Post-Work Won’t Work

Proposals to institute a basic income are increasingly popular, especially in Silicon Valley. Philippe Van Parijs and Yannick Vanderborght make their case for it in Basic Income: A Radical Proposal for a Free Society and a Sane Economy. A basic income—an annual, unconditional cash grant to every adult, regardless of need, and without a work requirement to obtain it—would be non-taxable and total about 25 percent of GDP. The amount of the grant could vary depending on the age of the recipient, but it would start at birth. It would supplement existing safety-net programs and replace only those whose benefits are less than the basic income amount; thus, the grant would establish a floor, but not a ceiling, on government income transfers. (Publicly financed health care would remain outside the system, for example.)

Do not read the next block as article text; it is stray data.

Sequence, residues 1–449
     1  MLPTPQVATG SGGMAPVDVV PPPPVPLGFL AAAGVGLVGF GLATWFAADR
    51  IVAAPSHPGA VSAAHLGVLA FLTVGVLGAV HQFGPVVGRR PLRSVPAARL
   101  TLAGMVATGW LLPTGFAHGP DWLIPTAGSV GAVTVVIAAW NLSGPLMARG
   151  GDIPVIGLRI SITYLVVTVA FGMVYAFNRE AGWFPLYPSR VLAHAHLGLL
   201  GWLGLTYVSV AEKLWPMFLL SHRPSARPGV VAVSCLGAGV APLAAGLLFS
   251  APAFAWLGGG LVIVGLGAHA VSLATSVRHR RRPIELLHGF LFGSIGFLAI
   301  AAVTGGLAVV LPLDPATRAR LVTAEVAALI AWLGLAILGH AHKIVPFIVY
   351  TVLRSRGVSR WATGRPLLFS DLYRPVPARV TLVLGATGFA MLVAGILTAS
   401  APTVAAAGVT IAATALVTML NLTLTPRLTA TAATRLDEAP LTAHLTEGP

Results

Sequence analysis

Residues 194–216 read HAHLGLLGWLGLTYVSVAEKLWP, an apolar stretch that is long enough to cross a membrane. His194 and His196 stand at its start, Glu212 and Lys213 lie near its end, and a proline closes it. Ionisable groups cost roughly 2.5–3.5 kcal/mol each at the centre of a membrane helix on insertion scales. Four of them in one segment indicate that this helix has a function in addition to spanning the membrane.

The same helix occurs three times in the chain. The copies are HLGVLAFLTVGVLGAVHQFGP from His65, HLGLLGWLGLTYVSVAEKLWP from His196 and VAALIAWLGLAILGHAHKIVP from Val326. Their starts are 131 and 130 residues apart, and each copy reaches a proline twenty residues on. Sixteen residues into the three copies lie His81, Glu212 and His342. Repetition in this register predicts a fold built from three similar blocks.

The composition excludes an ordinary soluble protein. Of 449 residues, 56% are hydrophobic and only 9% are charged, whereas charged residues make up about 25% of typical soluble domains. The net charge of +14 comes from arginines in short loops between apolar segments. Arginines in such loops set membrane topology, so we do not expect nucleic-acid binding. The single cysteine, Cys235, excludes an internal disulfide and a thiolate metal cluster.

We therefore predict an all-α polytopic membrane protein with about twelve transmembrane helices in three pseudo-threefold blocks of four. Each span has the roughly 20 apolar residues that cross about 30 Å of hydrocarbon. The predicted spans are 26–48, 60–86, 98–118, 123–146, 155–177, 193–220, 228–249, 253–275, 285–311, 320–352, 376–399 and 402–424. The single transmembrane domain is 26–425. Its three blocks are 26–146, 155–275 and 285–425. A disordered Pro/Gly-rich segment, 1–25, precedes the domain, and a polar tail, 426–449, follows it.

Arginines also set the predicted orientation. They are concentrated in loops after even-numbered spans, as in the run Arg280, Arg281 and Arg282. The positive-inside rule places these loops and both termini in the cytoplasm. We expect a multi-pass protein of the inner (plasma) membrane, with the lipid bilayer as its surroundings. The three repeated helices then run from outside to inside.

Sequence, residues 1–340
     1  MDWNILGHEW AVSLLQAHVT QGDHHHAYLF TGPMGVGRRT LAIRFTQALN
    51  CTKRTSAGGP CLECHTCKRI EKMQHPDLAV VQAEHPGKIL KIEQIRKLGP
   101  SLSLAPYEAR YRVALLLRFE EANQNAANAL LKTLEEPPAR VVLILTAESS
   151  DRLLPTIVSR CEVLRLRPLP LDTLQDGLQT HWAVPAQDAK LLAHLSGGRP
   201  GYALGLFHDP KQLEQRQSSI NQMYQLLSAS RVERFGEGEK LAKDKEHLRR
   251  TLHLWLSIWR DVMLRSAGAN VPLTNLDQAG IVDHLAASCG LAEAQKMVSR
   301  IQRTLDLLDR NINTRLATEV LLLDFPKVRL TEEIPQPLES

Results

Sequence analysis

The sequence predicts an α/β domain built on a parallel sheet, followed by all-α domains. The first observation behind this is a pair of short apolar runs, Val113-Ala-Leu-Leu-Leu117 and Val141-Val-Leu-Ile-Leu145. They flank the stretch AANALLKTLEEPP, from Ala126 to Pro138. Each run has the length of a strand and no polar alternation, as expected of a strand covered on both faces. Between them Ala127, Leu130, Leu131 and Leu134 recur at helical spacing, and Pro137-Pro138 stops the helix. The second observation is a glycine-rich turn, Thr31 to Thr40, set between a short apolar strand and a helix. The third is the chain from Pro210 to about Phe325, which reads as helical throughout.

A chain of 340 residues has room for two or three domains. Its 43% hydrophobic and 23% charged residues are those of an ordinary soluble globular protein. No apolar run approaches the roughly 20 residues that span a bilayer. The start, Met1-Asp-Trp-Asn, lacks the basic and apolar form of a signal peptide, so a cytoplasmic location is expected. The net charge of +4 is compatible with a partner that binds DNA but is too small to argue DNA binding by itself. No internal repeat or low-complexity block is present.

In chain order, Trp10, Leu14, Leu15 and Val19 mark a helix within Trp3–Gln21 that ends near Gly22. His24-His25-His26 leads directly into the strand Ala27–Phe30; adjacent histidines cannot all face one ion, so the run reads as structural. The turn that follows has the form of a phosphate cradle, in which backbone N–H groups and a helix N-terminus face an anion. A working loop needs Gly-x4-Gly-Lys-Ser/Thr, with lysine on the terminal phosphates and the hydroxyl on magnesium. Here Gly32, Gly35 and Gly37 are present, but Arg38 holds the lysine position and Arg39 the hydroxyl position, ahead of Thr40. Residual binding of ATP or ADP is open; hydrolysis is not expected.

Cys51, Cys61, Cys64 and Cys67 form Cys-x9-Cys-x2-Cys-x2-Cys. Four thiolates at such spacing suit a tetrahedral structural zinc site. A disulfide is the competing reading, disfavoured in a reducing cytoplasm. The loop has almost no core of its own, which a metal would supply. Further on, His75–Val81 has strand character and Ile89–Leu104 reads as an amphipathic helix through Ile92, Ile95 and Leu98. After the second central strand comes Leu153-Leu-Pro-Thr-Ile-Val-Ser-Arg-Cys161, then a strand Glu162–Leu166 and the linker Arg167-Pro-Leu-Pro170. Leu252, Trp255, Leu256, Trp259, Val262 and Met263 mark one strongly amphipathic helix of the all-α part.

The overarching goal of the basic-income proposal is to ease economic distress stemming from the structural disappearance of work and declining real incomes for lower-skilled workers. Technology has eliminated countless jobs, and there’s no reason to believe that this process won’t continue. Researchers from MIT and Oxford have estimated that technology already in development, such as driverless cars, could eliminate nearly half of all current jobs in the United States. One does not have to accept this particular analysis to recognize the anxieties that exist—one reason why Silicon Valley supports the idea.

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